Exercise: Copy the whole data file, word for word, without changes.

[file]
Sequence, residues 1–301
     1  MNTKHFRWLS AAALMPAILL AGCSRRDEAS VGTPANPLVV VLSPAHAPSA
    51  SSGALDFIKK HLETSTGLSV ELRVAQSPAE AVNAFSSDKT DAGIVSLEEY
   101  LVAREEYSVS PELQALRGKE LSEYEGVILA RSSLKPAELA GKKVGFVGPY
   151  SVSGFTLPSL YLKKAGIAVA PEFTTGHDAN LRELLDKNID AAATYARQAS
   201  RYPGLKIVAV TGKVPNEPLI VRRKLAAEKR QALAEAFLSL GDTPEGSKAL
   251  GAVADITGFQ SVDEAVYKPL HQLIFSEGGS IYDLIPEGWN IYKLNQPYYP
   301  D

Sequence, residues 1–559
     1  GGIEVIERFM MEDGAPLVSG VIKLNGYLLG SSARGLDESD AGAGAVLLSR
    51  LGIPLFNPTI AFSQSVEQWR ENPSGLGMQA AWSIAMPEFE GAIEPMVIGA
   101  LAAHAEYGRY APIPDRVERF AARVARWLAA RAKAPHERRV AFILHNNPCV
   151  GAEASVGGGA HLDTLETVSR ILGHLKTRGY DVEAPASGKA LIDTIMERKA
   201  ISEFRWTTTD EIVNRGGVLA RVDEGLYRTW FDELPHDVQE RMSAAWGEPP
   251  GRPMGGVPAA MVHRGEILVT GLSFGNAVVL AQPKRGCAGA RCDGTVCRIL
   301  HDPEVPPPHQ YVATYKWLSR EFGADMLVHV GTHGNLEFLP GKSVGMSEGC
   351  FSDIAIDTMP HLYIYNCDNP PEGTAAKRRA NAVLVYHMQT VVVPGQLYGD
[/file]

Sequence, residues 1–301
     1  MNTKHFRWLS AAALMPAILL AGCSRRDEAS VGTPANPLVV VLSPAHAPSA
    51  SSGALDFIKK HLETSTGLSV ELRVAQSPAE AVNAFSSDKT DAGIVSLEEY
   101  LVAREEYSVS PELQALRGKE LSEYEGVILA RSSLKPAELA GKKVGFVGPY
   151  SVSGFTLPSL YLKKAGIAVA PEFTTGHDAN LRELLDKNID AAATYARQAS
   201  RYPGLKIVAV TGKVPNEPLI VRRKLAAEKR QALAEAFLSL GDTPEGSKAL
   251  GAVADITGFQ SVDEAVYKPL HQLIFSEGGS IYDLIPEGWN IYKLNQPYYP
   301  D

Sequence, residues 1–559
     1  GGIEVIERFM MEDGAPLVSG VIKLNGYLLG SSARGLDESD AGAGAVLLSR
    51  LGIPLFNPTI AFSQSVEQWR ENPSGLGMQA AWSIAMPEFE GAIEPMVIGA
   101  LAAHAEYGRY APIPDRVERF AARVARWLAA RAKAPHERRV AFILHNNPCV
   151  GAEASVGGGA HLDTLETVSR ILGHLKTRGY DVEAPASGKA LIDTIMERKA
   201  ISEFRWTTTD EIVNRGGVLA RVDEGLYRTW FDELPHDVQE RMSAAWGEPP
   251  GRPMGGVPAA MVHRGEILVT GLSFGNAVVL AQPKRGCAGA RCDGTVCRIL
   301  HDPEVPPPHQ YVATYKWLSR EFGADMLVHV GTHGNLEFLP GKSVGMSEGC
   351  FSDIAIDTMP HLYIYNCDNP PEGTAAKRRA NAVLVYHMQT VVVPGQLYGD